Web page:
Abdominal wall complications (especially pericatheter leakage, which happens early after catheter insertion) are also major concerns in urgent-start PD [9]. Reported incidence of dialysate leakage varies from 1.5 to 37% in regular PD patients [5, 24,25,26,27], but fluctuates between 0 and 13.5% in patients who receive urgent-start PD [5, 11, 13,14,15,16]. In theory, increased intraperitoneal infusion during PD will increase the intraperitoneal pressure, and eventually increase the risk of developing abdominal wall complications. Our results shown that early pericatheter leakage only occurred in 19 (0.9%) patients in our cohort, and all these cases responded well to conservative treatments; none of them resulted in technique failure. As introduced in the present study, a double purse-string suture on the posterior rectus sheath and parietal peritoneum (Fig. 2) was used to fix the catheter and strengthen the “artificial weakness” at the catheter insertion points. In addition, a gradually increasing IPD regimen (Fig. 1) to start PD was used in the current study to prevent suddenly increased intraperitoneal pressure. The lower intra-abdominal pressure could prevent dialysate leaks and allow abdominal incisions time to heal after catheter insertion. In this way, the incidence of pericatheter leakage was successfully decreased. These results suggest that urgent-start peritoneal dialysis can be effectively conducted with an acceptable rate of abdominal wall complications. Our study also identified that male sex, diabetic nephropathy and lower hemoglobin levels were independent risk factors for abdominal wall complications, which indicates that we should pay more attention to these patients at risk for assessment and management before initiating PD, and during follow-up period.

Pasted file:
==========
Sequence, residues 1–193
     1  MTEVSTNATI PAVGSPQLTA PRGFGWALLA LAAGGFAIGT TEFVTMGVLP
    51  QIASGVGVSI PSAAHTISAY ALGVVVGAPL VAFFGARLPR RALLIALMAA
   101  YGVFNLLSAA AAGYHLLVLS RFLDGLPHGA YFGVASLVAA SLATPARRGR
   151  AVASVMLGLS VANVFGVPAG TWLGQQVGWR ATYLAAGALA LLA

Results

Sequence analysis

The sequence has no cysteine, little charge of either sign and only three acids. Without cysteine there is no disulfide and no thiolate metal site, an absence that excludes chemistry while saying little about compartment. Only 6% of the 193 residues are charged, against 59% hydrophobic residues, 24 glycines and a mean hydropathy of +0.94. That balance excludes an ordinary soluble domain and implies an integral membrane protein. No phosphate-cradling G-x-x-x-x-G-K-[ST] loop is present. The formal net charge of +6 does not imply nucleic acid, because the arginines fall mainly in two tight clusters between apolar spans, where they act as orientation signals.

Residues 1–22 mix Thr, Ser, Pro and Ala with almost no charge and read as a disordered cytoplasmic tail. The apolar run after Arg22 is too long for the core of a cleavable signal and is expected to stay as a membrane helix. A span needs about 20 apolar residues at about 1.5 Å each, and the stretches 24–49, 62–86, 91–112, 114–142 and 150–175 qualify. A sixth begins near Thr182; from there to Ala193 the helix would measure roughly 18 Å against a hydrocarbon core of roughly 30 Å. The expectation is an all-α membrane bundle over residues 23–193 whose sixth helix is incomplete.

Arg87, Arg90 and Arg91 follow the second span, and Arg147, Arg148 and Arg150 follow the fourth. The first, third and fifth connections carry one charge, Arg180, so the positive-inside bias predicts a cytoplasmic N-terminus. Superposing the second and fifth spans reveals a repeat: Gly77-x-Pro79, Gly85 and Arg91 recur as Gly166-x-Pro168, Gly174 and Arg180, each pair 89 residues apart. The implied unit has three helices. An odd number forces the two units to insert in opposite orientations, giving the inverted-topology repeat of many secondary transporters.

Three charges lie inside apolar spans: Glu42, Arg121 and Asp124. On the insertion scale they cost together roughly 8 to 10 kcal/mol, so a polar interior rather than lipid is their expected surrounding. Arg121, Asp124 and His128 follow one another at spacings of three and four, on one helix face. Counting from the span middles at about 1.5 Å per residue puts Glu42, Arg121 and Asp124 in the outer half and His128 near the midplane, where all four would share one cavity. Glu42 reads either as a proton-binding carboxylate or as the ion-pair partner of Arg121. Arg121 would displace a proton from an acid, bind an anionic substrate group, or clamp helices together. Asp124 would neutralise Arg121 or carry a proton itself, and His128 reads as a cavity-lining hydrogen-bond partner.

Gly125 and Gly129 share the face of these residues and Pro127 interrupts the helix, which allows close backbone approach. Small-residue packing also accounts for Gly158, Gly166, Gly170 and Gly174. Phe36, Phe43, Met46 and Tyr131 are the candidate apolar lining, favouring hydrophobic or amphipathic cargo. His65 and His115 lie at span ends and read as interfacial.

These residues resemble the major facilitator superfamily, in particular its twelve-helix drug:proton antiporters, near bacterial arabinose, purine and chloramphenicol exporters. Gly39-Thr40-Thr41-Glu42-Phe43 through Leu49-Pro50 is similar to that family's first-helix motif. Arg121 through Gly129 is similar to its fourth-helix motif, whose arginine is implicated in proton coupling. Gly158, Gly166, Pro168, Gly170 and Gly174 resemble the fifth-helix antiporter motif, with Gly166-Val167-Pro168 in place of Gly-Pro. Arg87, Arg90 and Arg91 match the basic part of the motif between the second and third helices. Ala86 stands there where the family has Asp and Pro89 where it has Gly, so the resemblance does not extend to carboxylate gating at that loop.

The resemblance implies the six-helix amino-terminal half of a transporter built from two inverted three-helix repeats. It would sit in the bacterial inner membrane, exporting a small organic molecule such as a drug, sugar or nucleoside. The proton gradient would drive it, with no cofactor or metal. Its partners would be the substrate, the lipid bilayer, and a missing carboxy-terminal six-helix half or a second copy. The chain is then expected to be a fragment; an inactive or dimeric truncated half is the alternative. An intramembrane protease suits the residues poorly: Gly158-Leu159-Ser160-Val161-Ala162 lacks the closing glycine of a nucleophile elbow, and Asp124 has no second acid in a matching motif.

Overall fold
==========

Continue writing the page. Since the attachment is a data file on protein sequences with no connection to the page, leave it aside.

Early infection is another concern about urgent-start peritoneal dialysis. A Danish study reported that whereas 15.4% of urgent-start peritoneal dialysis patients suffered peritonitis within the first 3 months, 15.4% of the planned PD group also suffered peritonitis [11]. However, in the present study, early peritonitis occurred only in 1.2% of our patients, and the long-term overall incidence of peritonitis was 0.16 cases per patient-year, as reported in our previous study [28]. In our center, a single-dose of prophylactic antibiotic was given 30 min before catheterization. All incident PD patients and their caregivers would undergo standard PD training. Taken together, strict sterilization procedure, preoperative antibiotic prophylaxis, experienced nephrologists for catheter insertion, and a professional nursing team to train patients and caregivers may help control occurrence of early peritonitis.